EFL and National League clubs are more reliant on matchday income than those in the Premier League so are more in need of a return to playing in front of paying spectators.
Clubs in the best position are those who have built up their cash and other reserves over the years, they may be able to buy bargains in the next transfer windows as there will be other clubs financially distressed who need to sell and may take discounted prices as a consequence.
Equally those clubs with wealthy owners who are willing to bankroll spending, as we saw with Roman Abramovich in 2018/19 lending £1/4 billion to Chelsea, will also be in a strong position in the transfer market.
The British Horse Racing Authority announced on Wednesday the 16th of April that it had extended the suspension of racing indefinitely, with no date set for it’s return. A stance which is understandable given the unpredictable nature of our current climate.
However, BHA Chief Executive Nick Rust told the Racing Post that horse racing in Britain “Will be ready to return at short notice when it is safe to do so”.
Racing in Australia, Japan and Hong Kong has continued to go ahead behind closed doors despite advice concerning social distancing.
However, the BHA have to be careful to balance the advice of the British government with the economic needs of the sport.
Rust said: “We’re an industry that directly employs 17,500 people. That doesn’t give us a right to overcome the national position but it does mean we’re a powerful support to the economic effort of the country.”
Although they won’t disobey Government orders, sounds coming from people within the sport indicate horse racing is in a good place to return as soon as possible.
Martin Cruddace, chief executive of racecourse group Arena Racing Company (Arc) also told the Racing Post that he believes racing will be ready to resume in May, within days of receiving government consent.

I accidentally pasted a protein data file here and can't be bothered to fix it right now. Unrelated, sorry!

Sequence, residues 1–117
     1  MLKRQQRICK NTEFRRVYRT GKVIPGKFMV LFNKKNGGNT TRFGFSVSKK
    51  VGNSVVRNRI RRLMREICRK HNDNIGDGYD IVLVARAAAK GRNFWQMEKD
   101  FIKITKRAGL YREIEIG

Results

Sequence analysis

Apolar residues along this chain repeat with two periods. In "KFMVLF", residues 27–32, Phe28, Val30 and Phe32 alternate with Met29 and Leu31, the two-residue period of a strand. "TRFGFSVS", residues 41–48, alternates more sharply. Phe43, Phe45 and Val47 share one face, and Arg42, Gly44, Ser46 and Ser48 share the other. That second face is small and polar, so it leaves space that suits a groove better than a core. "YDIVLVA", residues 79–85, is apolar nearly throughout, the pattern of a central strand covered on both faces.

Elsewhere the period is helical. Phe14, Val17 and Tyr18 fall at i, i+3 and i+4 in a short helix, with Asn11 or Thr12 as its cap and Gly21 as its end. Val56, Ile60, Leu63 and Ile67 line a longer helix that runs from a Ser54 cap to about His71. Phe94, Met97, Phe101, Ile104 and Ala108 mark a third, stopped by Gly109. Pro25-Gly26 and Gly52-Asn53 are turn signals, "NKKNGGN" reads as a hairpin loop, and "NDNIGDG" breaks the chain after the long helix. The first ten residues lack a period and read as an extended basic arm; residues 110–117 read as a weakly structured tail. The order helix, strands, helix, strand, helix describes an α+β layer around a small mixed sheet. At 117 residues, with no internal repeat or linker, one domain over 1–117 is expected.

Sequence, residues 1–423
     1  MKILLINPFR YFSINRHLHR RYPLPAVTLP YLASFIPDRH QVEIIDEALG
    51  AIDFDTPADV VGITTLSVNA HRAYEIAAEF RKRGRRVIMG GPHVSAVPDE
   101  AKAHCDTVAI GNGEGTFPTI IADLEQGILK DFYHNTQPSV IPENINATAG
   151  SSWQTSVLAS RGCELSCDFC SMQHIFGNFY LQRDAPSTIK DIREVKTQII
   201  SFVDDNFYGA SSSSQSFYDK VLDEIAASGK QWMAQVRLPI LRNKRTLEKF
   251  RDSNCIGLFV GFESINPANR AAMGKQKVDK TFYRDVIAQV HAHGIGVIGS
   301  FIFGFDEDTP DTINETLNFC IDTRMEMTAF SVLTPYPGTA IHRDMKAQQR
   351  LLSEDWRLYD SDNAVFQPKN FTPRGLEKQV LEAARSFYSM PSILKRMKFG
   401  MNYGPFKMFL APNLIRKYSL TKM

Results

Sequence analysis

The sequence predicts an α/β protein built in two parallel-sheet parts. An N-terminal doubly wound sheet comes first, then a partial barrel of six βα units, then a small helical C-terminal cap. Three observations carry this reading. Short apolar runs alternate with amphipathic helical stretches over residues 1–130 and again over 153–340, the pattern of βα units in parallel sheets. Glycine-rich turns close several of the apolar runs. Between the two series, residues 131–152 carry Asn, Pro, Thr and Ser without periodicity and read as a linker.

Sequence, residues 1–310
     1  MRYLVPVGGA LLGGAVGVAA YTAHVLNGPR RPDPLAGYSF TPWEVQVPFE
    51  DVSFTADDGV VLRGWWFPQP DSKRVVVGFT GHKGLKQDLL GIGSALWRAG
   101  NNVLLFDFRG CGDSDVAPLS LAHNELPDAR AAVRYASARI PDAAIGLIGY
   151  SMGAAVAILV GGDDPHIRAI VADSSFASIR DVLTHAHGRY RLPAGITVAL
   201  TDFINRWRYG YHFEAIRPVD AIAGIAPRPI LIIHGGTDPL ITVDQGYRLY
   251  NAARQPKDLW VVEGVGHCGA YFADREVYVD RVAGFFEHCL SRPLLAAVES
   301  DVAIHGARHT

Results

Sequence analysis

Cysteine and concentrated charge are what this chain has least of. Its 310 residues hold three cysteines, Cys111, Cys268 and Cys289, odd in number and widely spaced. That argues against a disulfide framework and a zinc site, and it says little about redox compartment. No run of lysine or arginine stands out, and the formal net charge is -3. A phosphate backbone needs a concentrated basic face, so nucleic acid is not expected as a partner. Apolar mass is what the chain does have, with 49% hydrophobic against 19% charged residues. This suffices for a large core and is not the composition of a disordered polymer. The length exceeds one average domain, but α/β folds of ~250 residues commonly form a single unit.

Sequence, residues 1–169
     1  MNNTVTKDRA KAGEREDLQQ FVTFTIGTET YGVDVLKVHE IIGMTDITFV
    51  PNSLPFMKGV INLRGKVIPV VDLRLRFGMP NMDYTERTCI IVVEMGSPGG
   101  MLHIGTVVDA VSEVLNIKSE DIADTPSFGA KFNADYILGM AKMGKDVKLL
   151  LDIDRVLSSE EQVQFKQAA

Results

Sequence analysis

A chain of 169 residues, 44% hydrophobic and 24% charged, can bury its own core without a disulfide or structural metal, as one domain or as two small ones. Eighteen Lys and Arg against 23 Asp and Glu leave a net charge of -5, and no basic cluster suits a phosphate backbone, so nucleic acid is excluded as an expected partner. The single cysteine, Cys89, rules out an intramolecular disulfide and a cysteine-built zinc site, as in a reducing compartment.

With the UK’s lockdown restrictions recently extended until May 7th at the earliest, Cruddace explains: “We should be ready within five to seven days of that date to race, we’re not a contact sport and only need 100 people at a track.”
Cruddace went on to add that the organisation has a 37-point plan in place for the resumption of racing, which will put them in a position to meet every objection.
Although it feels like at the moment like this is never ending, sport will get back to normal, even if at first it looks a little different to before.
Just like sport, the marketing and PR industry has suffered during this virus. However, the important thing is that you use this time to be as ready as you possibly can be for when things return to normal.
Blueclaw Performance Director Andrew Parker says:
“I expect we will see a gradual relaxing in the current restrictions on travel and gatherings and during this time demand for certain products and services will increase. This gradual resumption of activity will look differently for each sector but one thing is sure but the one certainty is the businesses that have been preparing their websites for this resumption will do the best from the initial boom. Whether it is technical challenges, weak content or lacking in links, preparing, and tackling your weak spots right now is a very smart move.”
To discuss a strategy that tackles your weak spots and prepares you and your company for post-Covid marketing, get in touch with our team.